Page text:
| NEW YORK
NEW YORK Dec 13 School districts across the
United States are failing to properly protect troves of
sensitive student data as they rush to adopt new online systems
pitched by private companies, a report released on Friday found.
Most of the 23 school districts studied had inadequate
privacy protections and poorly defined contracts with outside
vendors that left student data vulnerable, said the Center on
Law and Information Policy at Fordham Law School, which
conducted the review.
In most of districts studied, parents did not have to
consent to the outside use of their child's information, and
many agreements did not place clear limits on how vendors who
provide online services to track student health or assignments
could use the data they collected.
In the cloud-based model - a broad term for companies that
provide software which users can access remotely rather than
install and manage on their own computers - vendors sometimes
offer their services at a low cost in the hope of making money
off the data they collect.
Almost none of the districts looked at specifically
restricted the marketing of student information by the vendors,
the study found.
It also noted that such practices were often in violation of
the Family Educational Rights and Privacy Act, a U.S. law that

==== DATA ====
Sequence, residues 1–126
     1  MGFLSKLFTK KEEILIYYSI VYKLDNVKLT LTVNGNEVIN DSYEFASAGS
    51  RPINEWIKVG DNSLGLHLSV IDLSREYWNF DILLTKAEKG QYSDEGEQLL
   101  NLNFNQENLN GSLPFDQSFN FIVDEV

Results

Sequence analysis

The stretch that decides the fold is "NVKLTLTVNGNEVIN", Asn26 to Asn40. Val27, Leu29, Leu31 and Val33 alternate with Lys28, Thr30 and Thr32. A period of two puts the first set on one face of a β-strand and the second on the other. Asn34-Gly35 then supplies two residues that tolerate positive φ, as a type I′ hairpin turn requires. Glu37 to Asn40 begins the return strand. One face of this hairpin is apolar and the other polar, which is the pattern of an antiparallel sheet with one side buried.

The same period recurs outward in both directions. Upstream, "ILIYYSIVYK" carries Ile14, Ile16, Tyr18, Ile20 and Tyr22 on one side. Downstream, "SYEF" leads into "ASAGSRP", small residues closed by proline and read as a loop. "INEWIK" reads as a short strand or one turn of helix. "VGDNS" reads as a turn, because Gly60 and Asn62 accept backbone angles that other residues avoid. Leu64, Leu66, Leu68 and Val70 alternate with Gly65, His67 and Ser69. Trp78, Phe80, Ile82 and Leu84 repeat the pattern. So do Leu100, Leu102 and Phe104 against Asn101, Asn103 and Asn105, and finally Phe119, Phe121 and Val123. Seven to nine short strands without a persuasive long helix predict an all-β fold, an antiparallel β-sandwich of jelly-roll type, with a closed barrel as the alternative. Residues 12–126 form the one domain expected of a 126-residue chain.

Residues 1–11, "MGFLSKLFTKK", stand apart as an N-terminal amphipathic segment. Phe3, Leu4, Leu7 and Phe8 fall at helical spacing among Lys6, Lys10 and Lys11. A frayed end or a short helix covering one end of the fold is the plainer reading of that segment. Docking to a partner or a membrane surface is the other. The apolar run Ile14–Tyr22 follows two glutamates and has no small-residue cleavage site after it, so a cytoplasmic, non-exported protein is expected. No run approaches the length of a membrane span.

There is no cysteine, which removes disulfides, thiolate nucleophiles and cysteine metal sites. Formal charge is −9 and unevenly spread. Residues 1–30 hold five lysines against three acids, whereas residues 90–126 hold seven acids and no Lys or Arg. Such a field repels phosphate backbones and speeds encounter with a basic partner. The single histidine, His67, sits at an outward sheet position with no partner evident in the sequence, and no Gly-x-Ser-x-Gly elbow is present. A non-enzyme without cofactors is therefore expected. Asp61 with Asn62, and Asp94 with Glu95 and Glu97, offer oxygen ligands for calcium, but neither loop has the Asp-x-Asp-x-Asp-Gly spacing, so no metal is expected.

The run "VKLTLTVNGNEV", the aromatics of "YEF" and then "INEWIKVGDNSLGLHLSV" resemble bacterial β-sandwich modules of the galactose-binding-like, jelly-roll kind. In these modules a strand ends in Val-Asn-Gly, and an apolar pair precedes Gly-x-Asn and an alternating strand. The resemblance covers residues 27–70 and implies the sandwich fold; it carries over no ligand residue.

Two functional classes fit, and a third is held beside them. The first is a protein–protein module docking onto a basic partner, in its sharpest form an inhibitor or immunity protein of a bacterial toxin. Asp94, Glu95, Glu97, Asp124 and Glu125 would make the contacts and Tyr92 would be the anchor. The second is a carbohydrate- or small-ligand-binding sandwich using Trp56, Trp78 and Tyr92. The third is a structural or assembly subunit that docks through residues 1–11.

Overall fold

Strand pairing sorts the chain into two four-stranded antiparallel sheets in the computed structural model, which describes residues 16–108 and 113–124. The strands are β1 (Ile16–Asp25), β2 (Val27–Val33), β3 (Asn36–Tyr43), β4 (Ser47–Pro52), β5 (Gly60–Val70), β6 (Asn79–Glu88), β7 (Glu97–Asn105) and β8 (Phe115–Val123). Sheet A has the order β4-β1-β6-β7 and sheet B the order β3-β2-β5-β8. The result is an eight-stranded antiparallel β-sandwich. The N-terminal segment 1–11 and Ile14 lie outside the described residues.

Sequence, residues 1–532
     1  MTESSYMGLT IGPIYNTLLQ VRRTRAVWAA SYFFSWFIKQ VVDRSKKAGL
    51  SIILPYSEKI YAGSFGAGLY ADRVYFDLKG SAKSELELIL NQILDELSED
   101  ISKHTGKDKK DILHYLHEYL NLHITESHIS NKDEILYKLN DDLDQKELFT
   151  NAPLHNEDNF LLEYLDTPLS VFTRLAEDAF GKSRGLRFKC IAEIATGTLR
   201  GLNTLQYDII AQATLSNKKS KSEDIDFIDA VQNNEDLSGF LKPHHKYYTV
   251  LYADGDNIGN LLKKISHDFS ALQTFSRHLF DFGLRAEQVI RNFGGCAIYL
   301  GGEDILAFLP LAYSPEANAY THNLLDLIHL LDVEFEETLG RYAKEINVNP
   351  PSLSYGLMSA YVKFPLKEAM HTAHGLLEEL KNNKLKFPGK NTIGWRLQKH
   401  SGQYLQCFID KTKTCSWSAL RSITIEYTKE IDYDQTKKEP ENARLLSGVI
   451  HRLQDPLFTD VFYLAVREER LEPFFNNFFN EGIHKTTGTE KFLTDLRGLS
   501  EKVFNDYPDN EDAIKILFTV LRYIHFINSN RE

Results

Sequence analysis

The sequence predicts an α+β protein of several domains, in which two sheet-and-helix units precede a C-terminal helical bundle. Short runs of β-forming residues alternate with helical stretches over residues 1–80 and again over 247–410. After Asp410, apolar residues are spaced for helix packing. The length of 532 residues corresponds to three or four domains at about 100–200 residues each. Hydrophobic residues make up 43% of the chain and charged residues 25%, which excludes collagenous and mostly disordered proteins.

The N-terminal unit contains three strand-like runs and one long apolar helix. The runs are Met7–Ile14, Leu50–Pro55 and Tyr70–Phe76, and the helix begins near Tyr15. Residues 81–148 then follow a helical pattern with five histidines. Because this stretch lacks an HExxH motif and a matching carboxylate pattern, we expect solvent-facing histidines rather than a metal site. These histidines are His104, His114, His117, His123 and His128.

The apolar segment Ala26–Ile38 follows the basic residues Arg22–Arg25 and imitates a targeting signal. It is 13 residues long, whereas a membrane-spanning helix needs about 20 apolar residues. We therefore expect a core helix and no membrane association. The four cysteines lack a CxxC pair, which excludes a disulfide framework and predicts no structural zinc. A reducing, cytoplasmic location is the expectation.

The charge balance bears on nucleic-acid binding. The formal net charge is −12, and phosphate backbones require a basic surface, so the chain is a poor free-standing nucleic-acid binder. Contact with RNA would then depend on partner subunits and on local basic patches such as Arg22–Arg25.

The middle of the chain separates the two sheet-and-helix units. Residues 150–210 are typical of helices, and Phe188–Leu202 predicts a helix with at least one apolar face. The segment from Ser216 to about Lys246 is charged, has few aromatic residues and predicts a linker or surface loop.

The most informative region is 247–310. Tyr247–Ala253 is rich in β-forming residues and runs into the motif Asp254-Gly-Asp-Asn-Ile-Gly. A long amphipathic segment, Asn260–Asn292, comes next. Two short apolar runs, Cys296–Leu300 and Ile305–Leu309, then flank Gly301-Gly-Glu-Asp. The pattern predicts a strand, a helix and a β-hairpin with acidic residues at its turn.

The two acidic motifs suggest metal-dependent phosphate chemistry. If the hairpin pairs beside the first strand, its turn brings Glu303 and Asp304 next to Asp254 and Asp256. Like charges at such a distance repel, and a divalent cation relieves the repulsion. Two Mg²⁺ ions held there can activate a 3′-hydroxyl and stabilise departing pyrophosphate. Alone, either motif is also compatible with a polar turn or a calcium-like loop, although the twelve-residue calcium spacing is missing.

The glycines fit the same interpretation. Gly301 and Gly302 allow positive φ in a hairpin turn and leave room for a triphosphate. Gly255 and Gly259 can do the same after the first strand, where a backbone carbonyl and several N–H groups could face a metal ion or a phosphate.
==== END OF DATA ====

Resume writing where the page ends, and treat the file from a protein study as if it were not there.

sets forth strict guidelines requiring that students and parents
control access to and amend student records.
"Schools right now are unable to deal effectively with
privacy issues," said Joel Reidenberg, the lead author of the
study. "They're not in a position to understand the implications
of some of the services they're contracting."
The study examined policies in a wide swath of districts
across the country, ranging from the 204,000-student Houston
Independent School District to Echo School District, in Oregon,
which has just 264 students.
Cloud computing now plays a role in everything from homework
and testing to college counseling.
That can mean handing over huge and diverse amounts of data
to third-party vendors. A payment mechanism used in the
lunchroom could give a vendor access to what students are eating
and which students qualify for federal free lunch, considered a
measure of poverty, Reidenberg noted.
Online health classes, which have gained traction in recent
years, retain information about students' weight and exercise
A significant amount of the data now being used in schools
is not even covered under federal legislation as the law fails
to keep up with the ever-expanding educational technology
sphere, the study warned.
Earlier this year, inBloom Inc, a student data collecting
initiative funded by the Bill & Melinda Gates Foundation,
stirred up controversy among parents for its plans to compile
students' private information into a national database for
business contracting with public schools. Many districts
subsequently cut their ties with the database.
The fact that many education technology companies providing
cloud services to school districts are looking toward student
data as a way to finance themselves puts them in murky legal
territory, said Khaliah Barnes, who heads the Student Privacy
Project at the Electronic Privacy Information Center.
Schools using these technologies, Barnes said, simply do not
have the legal and technical knowledge necessary to keep up.
"It's not the technology itself that's a problem," said
Reidenberg. "But school districts need to be paying more
(Editing by Scott Malone, G Crosse)